Premier says softwood lumber treaty a priority for new federal government

B.C. leads in softwood lumber exports to the U.S.

Plus, Fraser Valley mayors want the ALR for industry and the Philippines wants Vancouver garbage gone 

Lumber logjam
After the election next week, the first order of business between the province and the new federal government will be about renegotiating the softwood lumber agreement with the U.S. which expired Monday. Premier Christy Clark said “B.C.’s forest industry is too important to take for granted. For lumber producers, and the communities throughout the province that depend on them, we need to avoid an unnecessary trade dispute with our most significant market,” in a statement to the legislature. The 2006 treaty cleared years of litigation between the two countries, returned $2.4 billion in duties collected to B.C. companies and created the Bi-National Softwood Lumber Council that has increased the market for wood products in the U.S. It also offered a measure of stability to the 40 per cent of B.C.’s rural communities and the 145,000 direct and indirect jobs dependent on forestry in B.C. The province leads the country in softwood lumber exports to the U.S., and despite expanding into other markets, like China, the U.S. is still our biggest market. So far the U.S. has been unwilling to discuss renewing or extending the agreement, raising the possibility that B.C. companies could face paying unwarranted duties to the U.S. when the treaty’s one-year grace period is over.

Land locked
The ALR is under threat not just from developers but from industry. Fraser Valley mayors speaking at a business forum said they can provide more local jobs if they can convert farmland from the Agricultural Land Reserve into industrial sites. Mayor Henry Braun of Abbotsford said his plan for 300 acres in west Abbotsford for a new business park could create as many as 4,500 jobs. Mission Mayor Randy Hawes has his eye on an 80-acre property that Scott Paper used to grow cottonwood trees but no longer needs. Langley Township Mayor Jack Froese has in mind an innovative industry–but most of the work, it seems, will go to black soldier flies. When they are fed organic food waste, their protein-rich fly maggots produce animal feed. (Via BC Local News)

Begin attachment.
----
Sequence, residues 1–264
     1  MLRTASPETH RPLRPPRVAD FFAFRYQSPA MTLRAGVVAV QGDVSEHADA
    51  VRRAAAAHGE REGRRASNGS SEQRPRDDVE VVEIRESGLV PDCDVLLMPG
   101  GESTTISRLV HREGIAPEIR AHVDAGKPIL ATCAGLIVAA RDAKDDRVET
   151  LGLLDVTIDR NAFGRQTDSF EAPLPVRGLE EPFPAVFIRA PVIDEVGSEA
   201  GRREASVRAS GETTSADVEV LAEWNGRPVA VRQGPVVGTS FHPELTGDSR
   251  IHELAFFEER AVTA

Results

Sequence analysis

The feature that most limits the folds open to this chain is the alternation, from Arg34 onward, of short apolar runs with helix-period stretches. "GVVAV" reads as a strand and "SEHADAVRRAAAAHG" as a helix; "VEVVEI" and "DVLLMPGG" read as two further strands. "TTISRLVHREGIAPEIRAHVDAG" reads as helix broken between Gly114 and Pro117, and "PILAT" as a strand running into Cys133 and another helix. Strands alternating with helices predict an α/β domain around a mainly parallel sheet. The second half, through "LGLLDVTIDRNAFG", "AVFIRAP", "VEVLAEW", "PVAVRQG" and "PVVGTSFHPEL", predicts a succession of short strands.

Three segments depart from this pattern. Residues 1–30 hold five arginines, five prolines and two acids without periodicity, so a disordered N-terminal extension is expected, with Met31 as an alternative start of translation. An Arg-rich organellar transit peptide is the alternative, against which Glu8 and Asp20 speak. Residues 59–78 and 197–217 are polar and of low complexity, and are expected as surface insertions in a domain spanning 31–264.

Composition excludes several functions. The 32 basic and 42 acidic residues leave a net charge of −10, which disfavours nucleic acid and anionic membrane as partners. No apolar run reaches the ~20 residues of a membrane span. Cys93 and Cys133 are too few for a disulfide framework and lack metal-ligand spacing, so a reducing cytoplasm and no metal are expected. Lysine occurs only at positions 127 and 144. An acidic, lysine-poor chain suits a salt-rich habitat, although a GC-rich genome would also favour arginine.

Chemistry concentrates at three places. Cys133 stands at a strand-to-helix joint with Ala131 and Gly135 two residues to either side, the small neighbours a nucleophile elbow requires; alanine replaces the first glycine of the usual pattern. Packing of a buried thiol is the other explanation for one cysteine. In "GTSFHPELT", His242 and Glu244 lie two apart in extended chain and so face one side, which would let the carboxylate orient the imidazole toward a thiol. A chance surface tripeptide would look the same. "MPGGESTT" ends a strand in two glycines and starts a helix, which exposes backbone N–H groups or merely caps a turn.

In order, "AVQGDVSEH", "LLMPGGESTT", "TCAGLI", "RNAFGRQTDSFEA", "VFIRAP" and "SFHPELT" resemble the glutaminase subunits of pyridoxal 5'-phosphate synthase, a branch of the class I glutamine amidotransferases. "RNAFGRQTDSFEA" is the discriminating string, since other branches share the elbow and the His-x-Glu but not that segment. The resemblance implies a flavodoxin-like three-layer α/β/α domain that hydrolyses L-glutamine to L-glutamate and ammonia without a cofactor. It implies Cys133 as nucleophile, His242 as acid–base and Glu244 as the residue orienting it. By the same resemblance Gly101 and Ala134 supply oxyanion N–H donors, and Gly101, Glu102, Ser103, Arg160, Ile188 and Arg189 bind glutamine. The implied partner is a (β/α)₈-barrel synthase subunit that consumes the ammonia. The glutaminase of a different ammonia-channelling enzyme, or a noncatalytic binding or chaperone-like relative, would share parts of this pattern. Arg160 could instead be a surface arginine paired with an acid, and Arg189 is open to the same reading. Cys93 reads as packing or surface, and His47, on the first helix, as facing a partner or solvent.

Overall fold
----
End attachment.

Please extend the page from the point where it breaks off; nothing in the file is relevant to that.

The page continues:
In other ALR news, the bylaws surrounding agri-tourism on farm lands within the reserve will change, and from now until November 30 the ministry of agriculture will consult with local governments so they can participate. The new standard will assist local governments in developing their own bylaws to regulate agri-tourism, accommodation and farm retail sales within the ALR. 

Trash talk
Vancouver’s two-year old garbage is causing a stink in the Philippines–including protests, petitions and even a demonstration outside the Canadian Embassy. After reports from the Philippine Bureau of Customs that the 50 containers are filled with rotting household waste and soggy paper, not “scrap plastic materials for recycling” as labelled, officials are calling for Canada to take back its waste, with Senator Loren Lagarda tweeting last week that Canada has violated the Basel Convention and domestic laws. For now the trash stays, as the Ontario shipping company who sent the stuff denies the containers are mislabelled and Canada offers no further recourse. And it’s just a drop in the bucket. At 2,500 tonnes, the containers represent less than a day’s worth of trash from Metro Vancouver. (Via National Post)